Anyone who comes to Rieber cannot miss the advertising board at the entrance. The company is committed to sustainability as "Your future and our passion". The passion is first evident in the showroom, where the company exhibits some product highlights: a grill plate for canteens, for example, which heats up in just six minutes. "A conventional grill plate made of steel needs around 25 minutes to heat up," says Ingo Burkhardt, general representative at Rieber, adding: "Due to the increased energy efficiency, our grill plate will have already paid for itself in less than a year." This is made possible by a special material combination out of aluminium and stainless steel, which is used only by Rieber in this form. Also on display are "intelligent meal boxes", a kind of digitalized returnable system. For example, this allows restaurateurs to track by smartphone, where their containers are currently situated, and to collect them again at the end - thus dispensing with disposable packaging. Rieber products, as quickly becomes clear in their showroom, stand for efficient and thus also sustainable cooking and storage of food.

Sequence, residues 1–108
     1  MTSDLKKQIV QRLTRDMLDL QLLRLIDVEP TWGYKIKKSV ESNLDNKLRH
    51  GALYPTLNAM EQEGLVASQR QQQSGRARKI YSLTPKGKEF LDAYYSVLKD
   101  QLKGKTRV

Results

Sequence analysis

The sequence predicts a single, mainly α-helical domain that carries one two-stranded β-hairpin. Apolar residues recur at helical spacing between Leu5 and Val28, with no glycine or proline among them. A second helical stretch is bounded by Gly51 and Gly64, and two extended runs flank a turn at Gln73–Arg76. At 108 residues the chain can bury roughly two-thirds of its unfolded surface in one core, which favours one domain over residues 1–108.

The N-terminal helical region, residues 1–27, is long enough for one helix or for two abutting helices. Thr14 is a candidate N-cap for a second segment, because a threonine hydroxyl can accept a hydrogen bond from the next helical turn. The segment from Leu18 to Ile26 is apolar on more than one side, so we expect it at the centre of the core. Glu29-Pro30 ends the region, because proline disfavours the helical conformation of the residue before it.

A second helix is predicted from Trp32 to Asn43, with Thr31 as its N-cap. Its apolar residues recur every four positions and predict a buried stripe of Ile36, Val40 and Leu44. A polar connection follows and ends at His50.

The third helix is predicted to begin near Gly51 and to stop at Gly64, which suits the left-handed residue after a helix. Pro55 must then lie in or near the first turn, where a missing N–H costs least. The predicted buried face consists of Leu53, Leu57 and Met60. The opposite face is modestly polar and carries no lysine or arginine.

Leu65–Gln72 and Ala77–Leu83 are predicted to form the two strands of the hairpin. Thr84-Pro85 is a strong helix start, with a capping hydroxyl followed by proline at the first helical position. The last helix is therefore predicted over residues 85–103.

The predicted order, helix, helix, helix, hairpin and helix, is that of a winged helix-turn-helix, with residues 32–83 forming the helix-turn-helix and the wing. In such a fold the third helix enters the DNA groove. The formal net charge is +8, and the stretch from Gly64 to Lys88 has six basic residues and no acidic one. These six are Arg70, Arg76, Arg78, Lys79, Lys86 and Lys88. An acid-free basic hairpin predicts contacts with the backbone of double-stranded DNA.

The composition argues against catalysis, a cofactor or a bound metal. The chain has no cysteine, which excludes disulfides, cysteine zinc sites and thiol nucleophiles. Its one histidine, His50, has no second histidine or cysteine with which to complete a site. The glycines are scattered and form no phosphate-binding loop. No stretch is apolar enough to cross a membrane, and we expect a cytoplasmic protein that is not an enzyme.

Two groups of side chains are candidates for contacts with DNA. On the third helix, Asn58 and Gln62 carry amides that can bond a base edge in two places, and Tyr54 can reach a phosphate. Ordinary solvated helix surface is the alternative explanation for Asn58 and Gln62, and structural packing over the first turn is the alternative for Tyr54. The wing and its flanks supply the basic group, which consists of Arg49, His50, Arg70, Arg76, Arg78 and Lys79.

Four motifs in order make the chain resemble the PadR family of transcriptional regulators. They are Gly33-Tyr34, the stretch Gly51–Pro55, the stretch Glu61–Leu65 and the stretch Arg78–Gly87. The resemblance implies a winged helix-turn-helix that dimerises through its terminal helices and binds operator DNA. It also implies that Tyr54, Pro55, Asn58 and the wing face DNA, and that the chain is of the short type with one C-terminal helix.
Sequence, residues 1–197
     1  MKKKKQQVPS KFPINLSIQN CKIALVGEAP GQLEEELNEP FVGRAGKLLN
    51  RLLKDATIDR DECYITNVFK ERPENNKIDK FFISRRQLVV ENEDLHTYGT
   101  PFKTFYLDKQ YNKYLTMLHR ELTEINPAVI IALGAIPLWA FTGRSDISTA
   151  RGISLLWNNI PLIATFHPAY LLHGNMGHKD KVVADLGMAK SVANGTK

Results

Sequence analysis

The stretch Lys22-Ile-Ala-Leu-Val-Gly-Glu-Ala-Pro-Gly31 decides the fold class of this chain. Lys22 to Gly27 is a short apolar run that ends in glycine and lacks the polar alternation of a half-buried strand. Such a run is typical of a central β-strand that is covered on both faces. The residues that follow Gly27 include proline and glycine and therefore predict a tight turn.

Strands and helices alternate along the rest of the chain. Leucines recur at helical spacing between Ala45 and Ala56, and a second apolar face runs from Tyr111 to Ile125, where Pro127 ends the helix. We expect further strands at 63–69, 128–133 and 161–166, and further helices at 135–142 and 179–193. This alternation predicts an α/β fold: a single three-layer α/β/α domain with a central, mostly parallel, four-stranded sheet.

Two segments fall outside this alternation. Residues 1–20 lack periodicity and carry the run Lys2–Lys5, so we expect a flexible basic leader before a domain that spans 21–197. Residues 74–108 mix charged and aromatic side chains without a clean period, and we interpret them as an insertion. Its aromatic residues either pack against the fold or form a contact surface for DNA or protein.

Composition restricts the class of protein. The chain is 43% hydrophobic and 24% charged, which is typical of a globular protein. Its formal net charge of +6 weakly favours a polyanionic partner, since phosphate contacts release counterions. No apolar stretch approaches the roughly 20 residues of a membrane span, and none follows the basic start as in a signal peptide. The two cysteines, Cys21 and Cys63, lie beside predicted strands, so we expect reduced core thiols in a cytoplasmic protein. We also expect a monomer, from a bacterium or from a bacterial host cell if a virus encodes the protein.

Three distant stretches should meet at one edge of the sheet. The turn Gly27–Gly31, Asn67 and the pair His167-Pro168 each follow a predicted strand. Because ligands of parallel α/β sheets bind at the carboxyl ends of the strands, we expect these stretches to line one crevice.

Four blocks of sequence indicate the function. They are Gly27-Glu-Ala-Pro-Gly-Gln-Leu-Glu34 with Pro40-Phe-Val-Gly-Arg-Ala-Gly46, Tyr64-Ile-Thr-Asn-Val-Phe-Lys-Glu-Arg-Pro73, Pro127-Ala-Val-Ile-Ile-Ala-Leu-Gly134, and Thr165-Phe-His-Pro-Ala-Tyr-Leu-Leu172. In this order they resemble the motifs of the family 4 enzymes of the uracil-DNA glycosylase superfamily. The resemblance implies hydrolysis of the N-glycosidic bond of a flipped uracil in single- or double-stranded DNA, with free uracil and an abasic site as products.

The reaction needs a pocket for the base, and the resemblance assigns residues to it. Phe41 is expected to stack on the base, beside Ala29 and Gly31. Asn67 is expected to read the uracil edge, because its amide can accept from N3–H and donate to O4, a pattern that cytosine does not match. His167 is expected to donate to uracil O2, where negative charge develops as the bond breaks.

Sustainable and fast: The 3D laser cutting machine from TRUMPF not only produces energy-efficiently - Rieber was able to increase the cutting speed of some components by up to 85 percent.
"At our company, non-productive times are sometimes longer than cutting times. That's what makes fast set-up so important," says Fabian Renz from Rieber. The advantage of the TruLaser Cell 7040: It offers two flexible stations so that the operator can set up and manufacture at the same time.
Special competence in deep drawing